The mythology of ancient Persia originally developed in the region known as Greater Iran (the Caucasus, Central Asia, South Asia, and West Asia). The Persians were initially part of a migratory people who referred to themselves as Aryan, meaning “noble” or “free” and having nothing to do with race.
One branch of these Aryans settled in and around the region now known as Iran (originally known as Ariana – “the land of the Aryans”) prior to the 3rd millennium BCE and are referred to as Indo-Iranians; another branch settled in the Indus Valley and are known as Indo-Aryans.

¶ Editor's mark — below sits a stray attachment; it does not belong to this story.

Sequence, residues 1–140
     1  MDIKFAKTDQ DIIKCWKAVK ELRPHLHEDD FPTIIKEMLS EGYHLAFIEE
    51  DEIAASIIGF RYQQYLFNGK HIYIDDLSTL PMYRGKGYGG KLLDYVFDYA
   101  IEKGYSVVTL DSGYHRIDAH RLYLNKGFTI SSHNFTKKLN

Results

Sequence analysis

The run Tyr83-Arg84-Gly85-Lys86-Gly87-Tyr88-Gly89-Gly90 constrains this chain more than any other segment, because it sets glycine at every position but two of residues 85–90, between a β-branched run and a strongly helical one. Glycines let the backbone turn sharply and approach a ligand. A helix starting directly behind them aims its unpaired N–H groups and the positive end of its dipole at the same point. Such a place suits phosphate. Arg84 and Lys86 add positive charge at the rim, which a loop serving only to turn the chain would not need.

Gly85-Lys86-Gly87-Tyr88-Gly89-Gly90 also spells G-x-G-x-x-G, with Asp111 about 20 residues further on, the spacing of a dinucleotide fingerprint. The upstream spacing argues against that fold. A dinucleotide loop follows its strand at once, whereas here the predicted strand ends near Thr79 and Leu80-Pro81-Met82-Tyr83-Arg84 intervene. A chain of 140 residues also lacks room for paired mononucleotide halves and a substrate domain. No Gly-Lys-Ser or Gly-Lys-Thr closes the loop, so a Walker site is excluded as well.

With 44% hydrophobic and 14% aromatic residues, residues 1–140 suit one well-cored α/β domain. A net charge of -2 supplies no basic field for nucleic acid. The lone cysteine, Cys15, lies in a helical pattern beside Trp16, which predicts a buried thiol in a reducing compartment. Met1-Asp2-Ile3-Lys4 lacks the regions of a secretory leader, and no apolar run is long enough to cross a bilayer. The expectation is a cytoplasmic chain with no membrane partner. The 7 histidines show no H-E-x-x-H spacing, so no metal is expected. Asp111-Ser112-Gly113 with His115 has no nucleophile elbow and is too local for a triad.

Since both of these originated from roughly the same environment and culture, they shared a common religious belief system, which would develop in time as the Vedic lore and Hinduism of India and the Early Iranian Religion and Zoroastrianism of Persia, all of which share key concepts and types of supernatural beings. Belief in such beings and their stories – designated in the modern-day as 'mythology' – was simply their sincere religious system, as valid to them as any religion is to an adherent in the present. This so-called 'mythology', in fact, would go on to inform Zoroastrianism which, in turn, would influence the development of Judaism, Christianity, and Islam.